Matthew Primm: To avoid a similar sticky situation, right?
Marijuana Retail Report: *laughs* Yes that’s a good way to put it.
Matthew Primm: It’s an interesting dynamic with the federal government on a number of levels. I mean the fact that there are even patents for cannabinoids shows you the PTO will deal with cannabis, it’s just interesting if not inconsistent policy. But trademark protection is huge. And I think Gorilla Glue, the glue company actually just illustrated that in its fervent protection of its trademark. Ultimately, the question becomes, how do you move forward to try to protect yourself on an IP level, as a cannabis company? We actually have a trademark attorney on the Viridis team and essentially cannabis companies can enjoy trademark attention, they just may need to take a different angle towards getting as much trademark attention as the PTO will grant them. Really though, this lawsuit actually substantiates the viability of the industry because it shows that big companies that have vested interests in their intellectual property are on notice as to what the industry is up to and respect its position and momentum enough to take actions to protect their intellectual property. In doing so they are legitimizing the cannabis industry in a way. That said, I would never advise clients to attempt to infringe any intellectual property rights in the name of industry legitimacy! But it is an observation. So what I would recommend you do, is you try to find the way to trademark to the extent that you can. It’s more complicated when you’re dealing with a cannabis company for trademark protection, but look at the High Times Cannabis Cup, you know recently they’ve had some success there as well. For any companies with designs on long-term sustainability, establishing, cultivating, and protecting your respective intellectual property is crucial to your long-term business plan, so I encourage companies to seek out such IP protections.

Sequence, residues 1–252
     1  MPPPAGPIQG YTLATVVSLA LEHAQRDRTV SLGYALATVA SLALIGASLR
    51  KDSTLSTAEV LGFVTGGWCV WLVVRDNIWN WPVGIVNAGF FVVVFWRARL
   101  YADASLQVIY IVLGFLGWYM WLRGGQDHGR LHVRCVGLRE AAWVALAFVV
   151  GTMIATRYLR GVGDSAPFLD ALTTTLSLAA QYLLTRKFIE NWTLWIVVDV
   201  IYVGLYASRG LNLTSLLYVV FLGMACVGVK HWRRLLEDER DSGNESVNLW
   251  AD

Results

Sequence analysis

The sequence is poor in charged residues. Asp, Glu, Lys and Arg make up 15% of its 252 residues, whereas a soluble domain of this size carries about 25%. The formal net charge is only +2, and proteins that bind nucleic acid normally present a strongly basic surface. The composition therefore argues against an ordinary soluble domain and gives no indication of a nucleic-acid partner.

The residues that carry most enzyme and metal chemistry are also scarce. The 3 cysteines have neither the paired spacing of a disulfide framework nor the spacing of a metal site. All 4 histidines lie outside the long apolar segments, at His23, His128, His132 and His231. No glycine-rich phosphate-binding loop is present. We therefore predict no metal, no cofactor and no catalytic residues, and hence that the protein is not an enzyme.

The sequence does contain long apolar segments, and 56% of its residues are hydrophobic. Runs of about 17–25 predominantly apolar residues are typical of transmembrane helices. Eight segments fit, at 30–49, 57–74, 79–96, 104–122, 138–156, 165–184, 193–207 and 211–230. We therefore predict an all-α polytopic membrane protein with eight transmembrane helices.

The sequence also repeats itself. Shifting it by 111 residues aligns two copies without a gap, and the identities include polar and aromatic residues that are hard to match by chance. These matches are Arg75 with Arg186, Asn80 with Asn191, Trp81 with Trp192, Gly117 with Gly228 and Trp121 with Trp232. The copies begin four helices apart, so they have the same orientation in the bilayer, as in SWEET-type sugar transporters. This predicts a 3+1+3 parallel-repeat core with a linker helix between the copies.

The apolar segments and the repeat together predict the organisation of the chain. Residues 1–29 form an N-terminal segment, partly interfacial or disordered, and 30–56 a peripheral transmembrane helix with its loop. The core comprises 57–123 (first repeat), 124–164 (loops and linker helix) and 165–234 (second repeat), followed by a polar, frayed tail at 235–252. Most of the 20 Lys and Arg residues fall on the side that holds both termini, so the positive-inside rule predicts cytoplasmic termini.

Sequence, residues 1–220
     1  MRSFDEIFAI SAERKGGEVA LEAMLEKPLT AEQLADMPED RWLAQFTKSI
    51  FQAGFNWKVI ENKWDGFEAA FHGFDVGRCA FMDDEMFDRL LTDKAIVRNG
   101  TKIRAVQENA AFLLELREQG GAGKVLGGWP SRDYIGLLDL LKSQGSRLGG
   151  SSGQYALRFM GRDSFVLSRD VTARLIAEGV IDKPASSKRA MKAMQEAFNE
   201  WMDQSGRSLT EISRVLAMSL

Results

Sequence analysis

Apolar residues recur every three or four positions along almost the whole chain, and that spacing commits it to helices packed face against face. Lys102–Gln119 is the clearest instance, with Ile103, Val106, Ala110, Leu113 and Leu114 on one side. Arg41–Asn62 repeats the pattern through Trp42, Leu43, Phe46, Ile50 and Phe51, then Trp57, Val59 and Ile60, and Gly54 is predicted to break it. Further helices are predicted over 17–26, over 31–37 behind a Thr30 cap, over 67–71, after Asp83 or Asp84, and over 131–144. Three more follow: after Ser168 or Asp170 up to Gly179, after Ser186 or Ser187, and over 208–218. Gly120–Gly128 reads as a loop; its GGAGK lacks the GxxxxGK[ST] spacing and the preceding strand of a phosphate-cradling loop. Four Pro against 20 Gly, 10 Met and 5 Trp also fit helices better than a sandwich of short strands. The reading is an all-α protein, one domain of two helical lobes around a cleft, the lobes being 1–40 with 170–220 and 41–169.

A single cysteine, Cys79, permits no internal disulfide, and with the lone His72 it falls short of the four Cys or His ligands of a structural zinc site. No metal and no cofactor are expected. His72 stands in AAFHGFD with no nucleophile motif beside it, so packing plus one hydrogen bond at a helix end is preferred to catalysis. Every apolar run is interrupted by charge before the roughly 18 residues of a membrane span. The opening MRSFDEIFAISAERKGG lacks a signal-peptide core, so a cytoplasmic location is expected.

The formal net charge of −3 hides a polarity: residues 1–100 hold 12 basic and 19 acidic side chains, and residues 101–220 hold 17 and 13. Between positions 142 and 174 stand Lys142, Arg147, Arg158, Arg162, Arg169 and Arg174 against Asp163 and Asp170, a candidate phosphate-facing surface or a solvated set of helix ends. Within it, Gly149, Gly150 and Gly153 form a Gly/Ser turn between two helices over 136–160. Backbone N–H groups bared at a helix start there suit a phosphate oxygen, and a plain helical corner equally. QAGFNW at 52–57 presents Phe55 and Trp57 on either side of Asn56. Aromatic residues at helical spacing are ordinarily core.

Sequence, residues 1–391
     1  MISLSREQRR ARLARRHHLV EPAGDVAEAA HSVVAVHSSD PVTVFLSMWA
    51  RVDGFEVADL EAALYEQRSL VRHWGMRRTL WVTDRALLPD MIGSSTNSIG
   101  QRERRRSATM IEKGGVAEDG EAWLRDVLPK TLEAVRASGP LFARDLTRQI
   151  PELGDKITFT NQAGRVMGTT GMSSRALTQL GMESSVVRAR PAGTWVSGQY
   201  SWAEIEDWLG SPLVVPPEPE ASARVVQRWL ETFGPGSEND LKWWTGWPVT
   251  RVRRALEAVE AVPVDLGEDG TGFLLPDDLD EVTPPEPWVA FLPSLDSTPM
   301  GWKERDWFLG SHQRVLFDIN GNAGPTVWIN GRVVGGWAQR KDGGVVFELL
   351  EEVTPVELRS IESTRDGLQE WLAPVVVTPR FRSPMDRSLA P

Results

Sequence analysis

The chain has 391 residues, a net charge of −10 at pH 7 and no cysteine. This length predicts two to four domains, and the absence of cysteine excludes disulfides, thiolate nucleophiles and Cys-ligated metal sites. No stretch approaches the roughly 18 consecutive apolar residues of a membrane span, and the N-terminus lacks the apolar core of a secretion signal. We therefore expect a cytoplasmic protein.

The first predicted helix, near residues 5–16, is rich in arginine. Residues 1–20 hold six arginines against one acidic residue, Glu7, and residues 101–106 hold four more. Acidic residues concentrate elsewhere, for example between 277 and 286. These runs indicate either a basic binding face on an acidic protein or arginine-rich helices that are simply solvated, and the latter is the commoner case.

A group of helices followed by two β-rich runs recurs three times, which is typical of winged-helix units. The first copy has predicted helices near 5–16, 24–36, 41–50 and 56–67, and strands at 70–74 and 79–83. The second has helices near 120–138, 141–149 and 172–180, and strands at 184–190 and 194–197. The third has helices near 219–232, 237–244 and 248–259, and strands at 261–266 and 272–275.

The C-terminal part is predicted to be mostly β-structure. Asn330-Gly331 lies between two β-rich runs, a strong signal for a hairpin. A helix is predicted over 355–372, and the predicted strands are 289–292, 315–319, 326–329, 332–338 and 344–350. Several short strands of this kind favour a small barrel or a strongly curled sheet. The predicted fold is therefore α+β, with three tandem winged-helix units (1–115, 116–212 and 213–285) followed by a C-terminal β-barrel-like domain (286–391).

Marijuana Retail Report: If you could give one piece of advice for marijuana retailers, what would it be?
Matthew Primm: Sure. Well, I would say just know your market. Not every market is the same. And there’s an evolution that’s happening with brand developments that is pretty amazing to watch, at least first hand because you don’t really see- we don’t get the chance to see a nascent industry with such high potentiality, no pun intended, really develop before your eyes. And being on top of what the new trends are I think will be helpful. At the same time, the average cannabis smoker, or user rather, is in their 50’s. So I think knowing your market is probably crucial there. Retail operations are also very dependent on location, unless you are solely operating as a delivery service. There’s really no way you can get around that, although depending on your locality you may be limited to certain types of zoning types so you just need to try and get the best location for retail and foot traffic under the circumstances. I think expecting a more inefficient tax treatment at retail and planning for it is probably pretty crucial too. Because a lot of people don’t understand just how impactful 280-E can be, you know, in limiting your otherwise allowable deductions and credits. And while you can’t completely mitigate it, there are some methods to minimize the repercussions of it, but in the large part, you’re paying more in tax because you’re trafficking a Schedule 1 substance and there are limited Costs of Goods Sold. So just, I guess pouching extra cash for a rainy day, knowing that you’re probably gonna have a higher tax bill would be one of my main recommendations, just because you don’t wanna get in arrears with the federal government. Additionally, it is absolutely crucial to be completely compliant with both state and local law – not only to protect your business investment but also to enjoy what limited protections the industry currently does from federal interference.
Marijuana Retail Report: Well, what’s next for both you and Viridis?
Matthew Primm: It seems like we’re expanding and doing so in a pretty, well, impressive manner that kind of parallels the industry’s trajectory. We’re really seeing an uptick in a lot of interest in the industry, because I think it’s becoming more real and safer as an investment to people that may not be as risk tolerant as other more intrepid investors or entrepreneurs. So what we’re gonna be doing is just rolling with the industry’s legal evolution and trying to make sure that we’re able to service our clients’ needs in accordance therewith, really. I’d like to see, well frankly I’d like to see us expand even further, hire more attorneys to allow us to serve what we anticipate will be an influx of new clients.